Vermont Governor Launches Four-Point Ed. Initiative
Proposals run gamut from pre-K to college
Saying an investment in schooling is the best tool to grow the state's prosperity, Vermont Gov. Peter Shumlin used his second inaugural address to outline a four-point plan for improving his state's education system.
He said that while 62 percent of job openings in the state will require postsecondary education, only 45 percent of Vermont students continue their schooling beyond high school, despite a vast investment in education by the state.
"Keep in mind that we spend more money per pupil than all other states in the country except for two. We spend more than 50 percent above the national average, and K-12 spending in Vermont has grown faster over the last decade than in any other state in America," the Democratic governor said.
In his Jan. 10 speech, Gov. Shumlin called for an additional investment in early-childhood education, saying he will redirect $17 million from the state's earned-income-tax credit to make high-quality child care affordable to lower-income families across the state. The shift would nearly double the state's contribution to child care for poor families. He would also like to provide start-up costs for communities that create preschool programs where they don't now exist.
School Meal Assistance
He also wants the state to pay for school meals for students from low-income families who are eligible only for reduced-price meals now and will ask for the policy to be covered by the state's 2014 budget
Third, he said he would like the state to double funding for dual-enrollment courses for high school students to allow them to get a head start on earning college credits. Only about 40 students a year—which the governor called a "paltry number"—have taken part in the program at Vermont Tech, where they concentrate on science and technology with great success.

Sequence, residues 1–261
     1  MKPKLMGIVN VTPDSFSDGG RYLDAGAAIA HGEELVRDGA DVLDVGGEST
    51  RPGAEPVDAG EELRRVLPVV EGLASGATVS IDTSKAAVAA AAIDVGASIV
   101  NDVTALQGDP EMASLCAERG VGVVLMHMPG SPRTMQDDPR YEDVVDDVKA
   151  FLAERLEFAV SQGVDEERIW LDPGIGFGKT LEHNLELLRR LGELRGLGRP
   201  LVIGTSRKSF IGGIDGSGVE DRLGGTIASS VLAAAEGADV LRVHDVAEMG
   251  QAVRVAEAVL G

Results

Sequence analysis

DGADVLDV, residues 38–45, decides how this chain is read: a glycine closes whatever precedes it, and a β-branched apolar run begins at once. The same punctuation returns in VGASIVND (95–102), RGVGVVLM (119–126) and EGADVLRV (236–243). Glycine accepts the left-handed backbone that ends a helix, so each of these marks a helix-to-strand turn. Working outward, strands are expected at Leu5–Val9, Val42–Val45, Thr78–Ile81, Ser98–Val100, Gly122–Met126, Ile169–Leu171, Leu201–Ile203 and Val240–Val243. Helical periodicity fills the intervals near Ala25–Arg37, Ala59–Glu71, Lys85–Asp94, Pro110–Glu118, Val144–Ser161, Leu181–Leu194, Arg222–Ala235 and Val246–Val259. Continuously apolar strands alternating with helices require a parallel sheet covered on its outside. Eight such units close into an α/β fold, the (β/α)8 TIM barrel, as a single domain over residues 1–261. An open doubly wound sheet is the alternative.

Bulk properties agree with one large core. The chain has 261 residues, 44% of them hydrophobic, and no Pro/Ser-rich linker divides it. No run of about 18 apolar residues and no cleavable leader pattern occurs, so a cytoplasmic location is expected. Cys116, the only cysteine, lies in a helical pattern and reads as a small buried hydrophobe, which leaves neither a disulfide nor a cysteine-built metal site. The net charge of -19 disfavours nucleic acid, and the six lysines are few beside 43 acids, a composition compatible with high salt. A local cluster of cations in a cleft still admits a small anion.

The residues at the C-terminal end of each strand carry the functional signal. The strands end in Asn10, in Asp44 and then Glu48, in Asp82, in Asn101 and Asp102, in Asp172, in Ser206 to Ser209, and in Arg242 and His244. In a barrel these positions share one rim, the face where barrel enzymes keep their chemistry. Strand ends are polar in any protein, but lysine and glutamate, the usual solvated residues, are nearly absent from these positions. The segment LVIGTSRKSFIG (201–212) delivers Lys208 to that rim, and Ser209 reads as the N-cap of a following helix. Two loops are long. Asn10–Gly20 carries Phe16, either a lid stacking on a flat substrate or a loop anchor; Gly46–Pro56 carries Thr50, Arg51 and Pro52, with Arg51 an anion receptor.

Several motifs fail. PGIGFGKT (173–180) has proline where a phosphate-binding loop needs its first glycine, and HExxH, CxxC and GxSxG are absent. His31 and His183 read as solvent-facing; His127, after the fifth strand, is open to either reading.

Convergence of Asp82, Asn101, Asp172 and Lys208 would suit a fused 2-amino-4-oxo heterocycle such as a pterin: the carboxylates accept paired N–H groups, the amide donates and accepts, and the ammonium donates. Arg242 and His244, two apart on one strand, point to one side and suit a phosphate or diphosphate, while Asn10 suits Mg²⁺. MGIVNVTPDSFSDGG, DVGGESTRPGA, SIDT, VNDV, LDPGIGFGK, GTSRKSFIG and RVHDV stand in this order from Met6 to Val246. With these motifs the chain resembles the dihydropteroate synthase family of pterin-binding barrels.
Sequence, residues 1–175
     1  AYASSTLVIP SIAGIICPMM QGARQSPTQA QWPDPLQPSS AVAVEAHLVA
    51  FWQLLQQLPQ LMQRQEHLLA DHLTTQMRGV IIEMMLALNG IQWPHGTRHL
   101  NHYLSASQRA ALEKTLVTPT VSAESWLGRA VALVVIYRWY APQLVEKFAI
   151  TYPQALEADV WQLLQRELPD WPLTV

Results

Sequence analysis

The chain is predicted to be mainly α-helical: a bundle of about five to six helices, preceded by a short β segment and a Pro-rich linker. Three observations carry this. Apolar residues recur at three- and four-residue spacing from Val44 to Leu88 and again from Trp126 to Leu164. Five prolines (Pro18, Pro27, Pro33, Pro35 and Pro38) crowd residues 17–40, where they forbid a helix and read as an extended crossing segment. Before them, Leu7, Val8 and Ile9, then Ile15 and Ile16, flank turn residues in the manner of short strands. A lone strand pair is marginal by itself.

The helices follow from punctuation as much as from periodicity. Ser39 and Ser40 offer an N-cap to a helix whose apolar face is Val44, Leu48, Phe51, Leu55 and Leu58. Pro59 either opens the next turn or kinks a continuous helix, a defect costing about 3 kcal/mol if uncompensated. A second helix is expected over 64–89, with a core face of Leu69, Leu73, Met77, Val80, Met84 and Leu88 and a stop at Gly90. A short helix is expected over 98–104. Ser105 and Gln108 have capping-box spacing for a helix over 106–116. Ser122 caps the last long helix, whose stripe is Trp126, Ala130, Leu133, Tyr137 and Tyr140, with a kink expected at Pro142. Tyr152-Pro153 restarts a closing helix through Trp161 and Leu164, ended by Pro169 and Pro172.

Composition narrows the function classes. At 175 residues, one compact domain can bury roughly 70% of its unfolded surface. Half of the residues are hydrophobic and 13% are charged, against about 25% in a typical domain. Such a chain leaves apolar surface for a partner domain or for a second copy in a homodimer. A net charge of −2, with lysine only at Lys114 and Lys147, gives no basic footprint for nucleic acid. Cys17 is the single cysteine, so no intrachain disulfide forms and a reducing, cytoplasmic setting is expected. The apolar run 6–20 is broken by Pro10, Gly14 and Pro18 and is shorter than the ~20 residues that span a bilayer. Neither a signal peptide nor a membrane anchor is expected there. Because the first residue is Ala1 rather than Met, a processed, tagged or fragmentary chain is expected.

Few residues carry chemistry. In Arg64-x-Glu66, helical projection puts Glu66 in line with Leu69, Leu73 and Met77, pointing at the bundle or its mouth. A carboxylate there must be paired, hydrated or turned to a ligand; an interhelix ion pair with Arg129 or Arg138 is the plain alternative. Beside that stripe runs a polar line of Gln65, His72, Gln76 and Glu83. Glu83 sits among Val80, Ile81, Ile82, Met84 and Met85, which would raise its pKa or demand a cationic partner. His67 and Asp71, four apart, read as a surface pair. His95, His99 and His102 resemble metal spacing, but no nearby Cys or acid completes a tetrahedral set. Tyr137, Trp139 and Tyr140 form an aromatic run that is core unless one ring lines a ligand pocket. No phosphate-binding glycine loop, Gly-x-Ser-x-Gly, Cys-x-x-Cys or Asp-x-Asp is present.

Finally, he wants to create the Vermont Strong Scholars Program for students who graduate with a degree in a science, technology, engineering, or mathematics field.
"We will give you a helping hand to stay and work in Vermont by paying you back, over the course of five years, for your final year of tuition. Or if you graduate with an associate degree in a stem field, we will pay you back over three years for your final semester of tuition," he said.
He also proposed that Vermont schools create "Personal Learning Plans" that would travel with each student from elementary school through senior year. The plan is intended to guide students' academic choices and tie educational goals to career opportunities, he said, aiming "to increase our students' individual options while fostering a connection between school and career."
In response to 68 percent of students in 3rd through 8th grades being proficient in math on the New England Common Assessment Program—a percentage that drops to 36 percent in 11th grade—Gov. Shumlin reiterated a request to require that all 9th graders take algebra and all 10th graders take geometry.
Vol. 32, Issue 18, Page 18
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